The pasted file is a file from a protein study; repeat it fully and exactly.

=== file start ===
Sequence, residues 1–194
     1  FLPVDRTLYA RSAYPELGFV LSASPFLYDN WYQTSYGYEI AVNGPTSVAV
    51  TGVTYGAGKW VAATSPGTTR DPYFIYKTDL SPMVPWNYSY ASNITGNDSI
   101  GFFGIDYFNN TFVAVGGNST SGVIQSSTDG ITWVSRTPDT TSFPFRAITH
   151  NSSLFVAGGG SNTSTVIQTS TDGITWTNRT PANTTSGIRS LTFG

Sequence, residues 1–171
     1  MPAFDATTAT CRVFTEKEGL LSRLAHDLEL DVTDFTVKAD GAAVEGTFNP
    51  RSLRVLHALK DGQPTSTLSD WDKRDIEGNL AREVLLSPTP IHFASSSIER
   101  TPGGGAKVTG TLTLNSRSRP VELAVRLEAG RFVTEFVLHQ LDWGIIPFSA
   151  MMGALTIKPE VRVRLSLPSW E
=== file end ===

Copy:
Sequence, residues 1–194
     1  FLPVDRTLYA RSAYPELGFV LSASPFLYDN WYQTSYGYEI AVNGPTSVAV
    51  TGVTYGAGKW VAATSPGTTR DPYFIYKTDL SPMVPWNYSY ASNITGNDSI
   101  GFFGIDYFNN TFVAVGGNST SGVIQSSTDG ITWVSRTPDT TSFPFRAITH
   151  NSSLFVAGGG SNTSTVIQTS TDGITWTNRT PANTTSGIRS LTFG

Sequence, residues 1–171
     1  MPAFDATTAT CRVFTEKEGL LSRLAHDLEL DVTDFTVKAD GAAVEGTFNP
    51  RSLRVLHALK DGQPTSTLSD WDKRDIEGNL AREVLLSPTP IHFASSSIER
   101  TPGGGAKVTG TLTLNSRSRP VELAVRLEAG RFVTEFVLHQ LDWGIIPFSA
   151  MMGALTIKPE VRVRLSLPSW E